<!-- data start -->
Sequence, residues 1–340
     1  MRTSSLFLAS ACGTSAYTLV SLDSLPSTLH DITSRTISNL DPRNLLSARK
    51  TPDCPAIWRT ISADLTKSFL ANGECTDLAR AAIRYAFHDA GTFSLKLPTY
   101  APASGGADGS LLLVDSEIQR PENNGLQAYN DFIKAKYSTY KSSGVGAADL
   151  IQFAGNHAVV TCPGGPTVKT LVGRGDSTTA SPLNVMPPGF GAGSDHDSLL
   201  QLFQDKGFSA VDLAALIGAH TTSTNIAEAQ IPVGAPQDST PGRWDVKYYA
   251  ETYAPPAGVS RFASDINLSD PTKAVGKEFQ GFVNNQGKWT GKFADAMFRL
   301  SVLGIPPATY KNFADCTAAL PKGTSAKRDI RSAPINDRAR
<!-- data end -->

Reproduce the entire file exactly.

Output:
Sequence, residues 1–340
     1  MRTSSLFLAS ACGTSAYTLV SLDSLPSTLH DITSRTISNL DPRNLLSARK
    51  TPDCPAIWRT ISADLTKSFL ANGECTDLAR AAIRYAFHDA GTFSLKLPTY
   101  APASGGADGS LLLVDSEIQR PENNGLQAYN DFIKAKYSTY KSSGVGAADL
   151  IQFAGNHAVV TCPGGPTVKT LVGRGDSTTA SPLNVMPPGF GAGSDHDSLL
   201  QLFQDKGFSA VDLAALIGAH TTSTNIAEAQ IPVGAPQDST PGRWDVKYYA
   251  ETYAPPAGVS RFASDINLSD PTKAVGKEFQ GFVNNQGKWT GKFADAMFRL
   301  SVLGIPPATY KNFADCTAAL PKGTSAKRDI RSAPINDRAR